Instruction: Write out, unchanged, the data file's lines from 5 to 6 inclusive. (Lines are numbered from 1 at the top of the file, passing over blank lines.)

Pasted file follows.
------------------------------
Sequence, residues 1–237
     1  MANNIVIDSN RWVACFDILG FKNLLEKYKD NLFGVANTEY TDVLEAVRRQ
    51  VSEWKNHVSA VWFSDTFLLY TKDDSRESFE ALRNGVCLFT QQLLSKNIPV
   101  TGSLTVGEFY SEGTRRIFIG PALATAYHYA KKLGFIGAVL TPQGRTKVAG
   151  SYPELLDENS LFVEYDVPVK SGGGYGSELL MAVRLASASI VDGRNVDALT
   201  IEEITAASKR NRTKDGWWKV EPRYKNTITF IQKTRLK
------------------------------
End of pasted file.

   151  SYPELLDENS LFVEYDVPVK SGGGYGSELL MAVRLASASI VDGRNVDALT
   201  IEEITAASKR NRTKDGWWKV EPRYKNTITF IQKTRLK